– Integrated Remote Console (IRC/Virtual KVM – Supports text and graphics)
    – Virtual Media via Integrated Remote Console

  16. So a little bit of storage, basic file/print serving and, perhaps DHCP/DNS and perhaps AD for a small office…..; grab two of them to run as a spare for quasi-HA….

  17. @Mark Dotson:
    > So a little bit of storage, basic file/print serving and, perhaps DHCP/DNS and perhaps AD for a small office…..; grab two of them to run as a spare for quasi-HA….

    Indeed. I have a couple of Gen.8’s, and after I worked through the HPE website quirks, I’m using my pair this kind of configuration too.

    Aside from a few others I’m also looking at, as far as servers go (I’m not going as far as enterprise grade) a pair of these is about the best you can do for a quiet home server and home LAN setup. Run the second machine as a dedicated backup host.

    The build, HA and DR infrastructure from there on in will manifest wonderfully. And you get a solid foundation, from forethought, planning, and luck, to run a very good LAN.

  18. It’s amazing how inexpensive these kind of systems have become (a small office server for U$400+):

    “HPE ProLiant MicroServer Gen10 X3421 1P 8GB-U 4LFF NHP SATA 200W PS Soln Server”: https://www.hpe.com/us/en/product-catalog/servers/proliant-servers/pip.specifications.hpe-proliant-microserver-gen10.1010808438.html

    Exploded view: https://www.hpe.com/h22228/video-gallery/us/en/products/servers-and-systems-hybrid-cloud/servers-multi/7ce088e2-7d23-4891-991a-ea6ca343718f/hpe-proliant-microserver-gen10-_-exploded-view-animation/video/

    Patrick, if there’s a link to HP’s US website in the article it’s not jumping out at me; so I found the above link, and pricing from a HPE recommended retailer (whose URL is not included in my comment).

    I agree with some of the other comments, it’s a huge shortcoming that there are so few AMD choices; and no Epyc in that category. One would think that the embedded Epyc would be perfect for that use case, but HPE uses Opteron X3421 2.1 GHz (example: Mfr. # P04923) instead (or in the majority of cases goes Intel).

  19. Much better to assembly server by yourself using Mini-ITX board based on EPYC 3251 or Xeon D. It will be cheaper, more reliable and less expensive.

  20. If you want reliability your don’t build your own. You go with a manufacturer that has soak tested the configuration and applies patches at an holistic system level. Speed and flexibility roll your own, but not for reliability (IMHO anyway)
    Don’t see the point of the quad nic, would rather have a 10GB port. Costed ILO is annoying – as usual. Boot volume choice is disappointing. Is it really a displayport 1.0 – that is ancient (ok not as old as the vga!)
    Pity they don’t do a “FAT” model where you could pack 8 disks in.
    Looks cool tho!

  21. OK I read you can upgrade the quad nic – one assumes at additional cost

    “offers a 4-port NIC standard with the option to upgrade with a variety of networking options for a bit more power, including 1GbE, 10GbE BASE-T and SFP+ edge cards”

  22. Considering something like this as an upgrade to my existing veeam backup repository in my home (old circa 2010 HPEX495 running linux – 2.5 Ghz pentium duo with 4GB RAM, 4 trays and single 1Gb rj45. This newer system might be a good upgrade but would benefit more if it had 10Gb SFP+ or BASE-T or better yet an expansion slot for me to add a NIC later.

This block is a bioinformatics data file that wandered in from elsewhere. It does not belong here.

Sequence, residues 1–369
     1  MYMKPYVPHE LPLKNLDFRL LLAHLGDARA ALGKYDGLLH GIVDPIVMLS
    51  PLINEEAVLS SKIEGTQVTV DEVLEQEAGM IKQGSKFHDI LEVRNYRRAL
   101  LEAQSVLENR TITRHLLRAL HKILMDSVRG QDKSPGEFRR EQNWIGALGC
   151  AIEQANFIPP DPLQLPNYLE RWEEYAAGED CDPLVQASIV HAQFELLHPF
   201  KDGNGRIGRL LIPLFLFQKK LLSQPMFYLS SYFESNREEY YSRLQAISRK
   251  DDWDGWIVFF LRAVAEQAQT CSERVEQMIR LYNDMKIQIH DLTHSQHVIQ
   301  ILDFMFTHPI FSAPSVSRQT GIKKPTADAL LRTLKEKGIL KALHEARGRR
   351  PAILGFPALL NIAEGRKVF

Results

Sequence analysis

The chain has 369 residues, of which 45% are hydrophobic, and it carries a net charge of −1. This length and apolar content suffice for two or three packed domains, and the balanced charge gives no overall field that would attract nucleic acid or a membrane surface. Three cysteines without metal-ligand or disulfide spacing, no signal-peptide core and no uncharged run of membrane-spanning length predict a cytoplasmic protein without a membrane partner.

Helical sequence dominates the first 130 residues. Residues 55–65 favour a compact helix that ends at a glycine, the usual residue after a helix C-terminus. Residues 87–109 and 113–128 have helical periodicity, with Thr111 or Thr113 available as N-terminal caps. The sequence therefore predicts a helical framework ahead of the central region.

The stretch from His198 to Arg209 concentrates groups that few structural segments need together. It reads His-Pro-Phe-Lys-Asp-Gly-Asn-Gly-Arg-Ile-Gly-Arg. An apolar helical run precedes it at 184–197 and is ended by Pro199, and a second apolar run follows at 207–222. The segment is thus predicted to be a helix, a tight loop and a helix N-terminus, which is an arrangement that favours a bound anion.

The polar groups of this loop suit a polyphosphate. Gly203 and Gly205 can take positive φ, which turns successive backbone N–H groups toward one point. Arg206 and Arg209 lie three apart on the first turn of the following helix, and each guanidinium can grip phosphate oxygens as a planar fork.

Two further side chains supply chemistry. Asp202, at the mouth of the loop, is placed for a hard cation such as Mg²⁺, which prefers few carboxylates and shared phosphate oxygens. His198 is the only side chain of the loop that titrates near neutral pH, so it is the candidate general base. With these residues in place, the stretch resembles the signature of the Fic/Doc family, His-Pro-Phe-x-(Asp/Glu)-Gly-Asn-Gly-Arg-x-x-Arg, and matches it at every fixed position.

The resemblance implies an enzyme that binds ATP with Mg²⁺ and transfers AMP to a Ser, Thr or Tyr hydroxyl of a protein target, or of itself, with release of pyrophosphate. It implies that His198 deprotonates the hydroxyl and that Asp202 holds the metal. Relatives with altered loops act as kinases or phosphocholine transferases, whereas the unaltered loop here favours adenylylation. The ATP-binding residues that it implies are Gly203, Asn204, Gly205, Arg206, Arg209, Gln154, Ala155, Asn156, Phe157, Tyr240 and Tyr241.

23. Sadly HPE’s choice of Intel at this time is considerably less exciting, given how much of a wet towel their security situation is. Theres certainly isolated environments I dont mind deploying Intel chips to where their use is entirely logical – while their SKU list is massive, it does mean they have lots of offerings. A microserver in a branch office is probably not one of those isolated environments however – at least not without additional work and hardware. In general I feel much more comfortable using AMD’s hardware simply due to the fact Intel’s offerings have become a liability in this day and age while AMD’s security game has been much more on-point.

  24. Does anybody know – if you get the iLO kit – does that occupy the PCIe x16 expansion slot?

    Or does the iLO have it’s own separate riser card/slot?

    Also – the official page at https://www.hpe.com/au/en/product-catalog/servers/proliant-servers/pip.1012241014.html says:

    > Four embedded network ports provide the networking needs for small business customers. Optional 1GbE and 10GbE BASE-T and SFP+ standup option cards are supported for those who require more.

    Would this replace the existing 4-port Gigabit NIC?

    (Basically, I’m trying to save the PCIe x16 slot for other things – like a Optane card).

  25. Can’t help but noticing that a lot of the comments basically ask why the Microserver Plus is not a DL325. :)

    Could you please outline in your review if RAID for ESX is now supported on the onboard SmartArray please?

  26. Very happy about the return to Intel. I don’t see an issue with the lack of 10gbps if the 4x 1gbps can be trunked to create a 4gbps etherchannel.

    I do however think they missed a trick, the chassis could have stayed the same size and the could have done 2 drive cage options. One with 10 3.5″ or one with 20 2.5″ disks (roughly)

  27. I have one of these at one of my customers premises and initial verdict after six months is: don’t get one!

    Positive: Easy assembly and easy to put in and remove drives. Feels well built.

    However… The machine has ECC RAM and yet Windows has crashed a couple of times in a way that reeks of memory corruption. Might be a rotten apple, but so far, the Non-ECC Lenovo premium workstations I have used as servers have actually proven more reliable…